AND so it goes on and we head towards the third month of lockdown.

How have you found it, I wonder?

There is no doubt, lockdown has its downsides. This certainly isn’t life as we know it.

Those parents who are having to home school young children have my absolute sympathy.

And it can’t be much fun for people who are stuck at home on their own.

While it’s not always been easy, I’ve been trying to make the best of the unprecedented situation and have actually found a few things that have helped along the way.

Top of my list is not having to commute.

I actually have to travel into Manchester three or four times a week and, putting it simply, it’s not much fun catching a short-formed Northern Rail train from Central Station at just after 7.30am.

So I consider myself fortunate that I can work from home and my ‘commute’ is now a 10 second walk down my stairs.

I also consider myself fortunate that my job can be done just as effectively from my dining room table as from my desk on the eighth floor of a Manchester office block.

I do actually wonder, once the lockdown restrictions have been lifted, if working from home will become much more the norm. I, for one, would jump at the chance and the prospect of never having to get on a crowded Northern Rail train fills me with absolute joy.

Another happy side effect of working from home is that it gives structure to my week.

But the fact remains, lockdown has forced us to look at life differently and maybe do some things that we wouldn’t have considered before.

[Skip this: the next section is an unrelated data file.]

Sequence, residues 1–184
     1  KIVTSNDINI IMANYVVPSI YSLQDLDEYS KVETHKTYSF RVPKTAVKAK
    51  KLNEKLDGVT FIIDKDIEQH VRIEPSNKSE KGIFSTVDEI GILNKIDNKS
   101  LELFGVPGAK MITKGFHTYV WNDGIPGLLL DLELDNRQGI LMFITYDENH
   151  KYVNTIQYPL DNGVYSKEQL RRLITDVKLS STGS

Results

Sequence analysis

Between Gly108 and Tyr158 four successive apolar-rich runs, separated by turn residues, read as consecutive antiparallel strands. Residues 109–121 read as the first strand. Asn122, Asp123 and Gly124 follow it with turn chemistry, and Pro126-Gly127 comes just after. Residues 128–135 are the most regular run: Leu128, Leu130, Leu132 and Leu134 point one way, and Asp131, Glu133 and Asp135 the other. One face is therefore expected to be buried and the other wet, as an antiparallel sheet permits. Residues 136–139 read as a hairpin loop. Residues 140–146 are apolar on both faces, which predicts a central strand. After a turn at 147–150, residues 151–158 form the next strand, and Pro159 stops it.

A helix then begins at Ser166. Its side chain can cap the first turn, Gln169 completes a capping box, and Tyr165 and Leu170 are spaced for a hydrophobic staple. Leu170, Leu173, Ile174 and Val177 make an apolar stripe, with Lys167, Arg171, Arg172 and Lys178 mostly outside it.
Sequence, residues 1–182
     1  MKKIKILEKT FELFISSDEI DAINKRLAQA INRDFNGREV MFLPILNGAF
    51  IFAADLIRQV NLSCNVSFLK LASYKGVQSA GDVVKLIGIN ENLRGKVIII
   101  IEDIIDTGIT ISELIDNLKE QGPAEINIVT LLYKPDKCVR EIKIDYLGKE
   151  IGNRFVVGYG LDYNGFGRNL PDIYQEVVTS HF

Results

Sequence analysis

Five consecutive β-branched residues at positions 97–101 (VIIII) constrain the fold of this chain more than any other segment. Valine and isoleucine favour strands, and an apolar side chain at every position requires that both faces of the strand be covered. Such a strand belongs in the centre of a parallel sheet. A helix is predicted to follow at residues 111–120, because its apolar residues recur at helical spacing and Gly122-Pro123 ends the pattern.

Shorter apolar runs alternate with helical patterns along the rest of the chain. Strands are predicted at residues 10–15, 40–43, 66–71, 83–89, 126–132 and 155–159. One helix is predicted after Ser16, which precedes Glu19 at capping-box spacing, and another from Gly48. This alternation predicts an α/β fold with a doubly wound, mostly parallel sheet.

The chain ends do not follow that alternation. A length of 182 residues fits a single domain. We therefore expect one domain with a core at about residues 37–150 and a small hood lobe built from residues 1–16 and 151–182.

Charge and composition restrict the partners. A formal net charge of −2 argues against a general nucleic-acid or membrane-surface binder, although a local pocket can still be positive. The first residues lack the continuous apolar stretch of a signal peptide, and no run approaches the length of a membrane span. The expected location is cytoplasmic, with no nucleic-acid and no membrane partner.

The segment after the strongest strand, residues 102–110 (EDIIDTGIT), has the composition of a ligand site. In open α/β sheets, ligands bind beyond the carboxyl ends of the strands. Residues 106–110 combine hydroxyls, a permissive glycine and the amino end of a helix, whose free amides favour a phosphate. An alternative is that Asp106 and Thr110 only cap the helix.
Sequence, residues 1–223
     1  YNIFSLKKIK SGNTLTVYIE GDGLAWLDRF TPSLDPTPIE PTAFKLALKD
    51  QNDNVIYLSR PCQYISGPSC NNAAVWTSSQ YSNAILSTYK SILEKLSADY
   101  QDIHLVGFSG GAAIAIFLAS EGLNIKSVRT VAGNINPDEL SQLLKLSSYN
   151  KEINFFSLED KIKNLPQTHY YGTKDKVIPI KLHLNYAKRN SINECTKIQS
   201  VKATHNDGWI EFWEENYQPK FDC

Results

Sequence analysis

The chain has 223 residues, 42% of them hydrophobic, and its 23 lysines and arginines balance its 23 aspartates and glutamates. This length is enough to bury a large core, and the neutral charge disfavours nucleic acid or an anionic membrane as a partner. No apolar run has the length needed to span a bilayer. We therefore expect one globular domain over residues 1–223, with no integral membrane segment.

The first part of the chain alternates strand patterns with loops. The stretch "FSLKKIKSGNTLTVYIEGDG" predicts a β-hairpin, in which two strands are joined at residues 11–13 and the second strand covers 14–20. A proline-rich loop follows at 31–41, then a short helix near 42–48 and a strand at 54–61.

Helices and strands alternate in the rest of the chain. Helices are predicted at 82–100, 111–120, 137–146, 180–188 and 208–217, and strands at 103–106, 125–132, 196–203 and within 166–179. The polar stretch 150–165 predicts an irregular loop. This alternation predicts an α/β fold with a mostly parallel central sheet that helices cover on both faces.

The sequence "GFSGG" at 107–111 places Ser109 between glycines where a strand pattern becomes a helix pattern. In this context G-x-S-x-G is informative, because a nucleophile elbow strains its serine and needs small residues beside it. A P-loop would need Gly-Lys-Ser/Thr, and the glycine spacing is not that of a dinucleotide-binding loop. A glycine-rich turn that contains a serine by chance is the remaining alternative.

I never imagined that watching an online virtual pub quiz would be one of the highlights of my week, but it is. I can highly recommend Jay’s Virtual Pub Quiz on YouTube. Thursday night is the big night but there’s also a Saturday version as well. The quiz has proved so successful it has set a Guinness World Record for the number of participants.

But there have been other benefits as well. I’ve been able to catch up with all the jobs around the house without racing to get them completed in a weekend and I’ve rediscovered my love of reading.

But maybe one of the absolute best things to have happened is that I have had a little more time to contemplate, to think about things other than the day-to-day issues that most of us have to contend with.

I now have some clarity about what I want to do with my life once we get back to something that’s approaching ‘normal’.

On a different, but I suppose related lockdown topic, I was interested to read a letter on the Warrington Guardian’s website calling for the town’s waste collection service to be privatised.

It seems this radical solution came about because the binmen declined to take extra cardboard that the author couldn’t fit in his bin.

Frankly, I couldn’t disagree more. Our binmen, in my opinion, are heroes working on the frontline. They work to tight schedules and simply don’t have the time to be doing multiple empties of individual bins. Just imagine the chaos if everyone wanted that to happen.

And I don’t blame them for one minute for not wanting to handle other people’s rubbish in a time where a deadly illness can be transmitted by touching something.

And I back them all the way for not allowing the author to put his own rubbish in the bin wagon.

Don’t think for one minute that privatising the service would magically make it better.

Did privatising rail services make it better? Absolutely not. And ask some of the former council employees at Catalyst Choices, the privatised, outsourced company that provides social care services on behalf of the council, if privatisation has make their working lives better as pay and conditions are threatened.

And they are not alone. I can think of at least one other outsourced council service where staff, many of whom were formally council employees transferred to the new company, now have worse pay and conditions.

So my message is: Leave the binmen alone. They know what they are doing and deserve a round of applause, not criticism.